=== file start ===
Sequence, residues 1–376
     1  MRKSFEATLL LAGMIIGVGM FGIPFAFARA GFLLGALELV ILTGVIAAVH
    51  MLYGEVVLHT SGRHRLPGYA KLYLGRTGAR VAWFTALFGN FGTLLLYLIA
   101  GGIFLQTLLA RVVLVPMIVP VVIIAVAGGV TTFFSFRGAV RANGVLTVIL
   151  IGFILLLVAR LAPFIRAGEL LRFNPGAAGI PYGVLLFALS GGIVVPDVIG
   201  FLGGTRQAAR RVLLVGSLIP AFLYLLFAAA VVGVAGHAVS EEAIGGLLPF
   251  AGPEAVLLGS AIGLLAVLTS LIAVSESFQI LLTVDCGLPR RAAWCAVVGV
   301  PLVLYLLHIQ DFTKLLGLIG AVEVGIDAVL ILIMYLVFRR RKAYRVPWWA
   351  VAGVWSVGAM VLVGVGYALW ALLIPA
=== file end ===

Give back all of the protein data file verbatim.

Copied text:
Sequence, residues 1–376
     1  MRKSFEATLL LAGMIIGVGM FGIPFAFARA GFLLGALELV ILTGVIAAVH
    51  MLYGEVVLHT SGRHRLPGYA KLYLGRTGAR VAWFTALFGN FGTLLLYLIA
   101  GGIFLQTLLA RVVLVPMIVP VVIIAVAGGV TTFFSFRGAV RANGVLTVIL
   151  IGFILLLVAR LAPFIRAGEL LRFNPGAAGI PYGVLLFALS GGIVVPDVIG
   201  FLGGTRQAAR RVLLVGSLIP AFLYLLFAAA VVGVAGHAVS EEAIGGLLPF
   251  AGPEAVLLGS AIGLLAVLTS LIAVSESFQI LLTVDCGLPR RAAWCAVVGV
   301  PLVLYLLHIQ DFTKLLGLIG AVEVGIDAVL ILIMYLVFRR RKAYRVPWWA
   351  VAGVWSVGAM VLVGVGYALW ALLIPA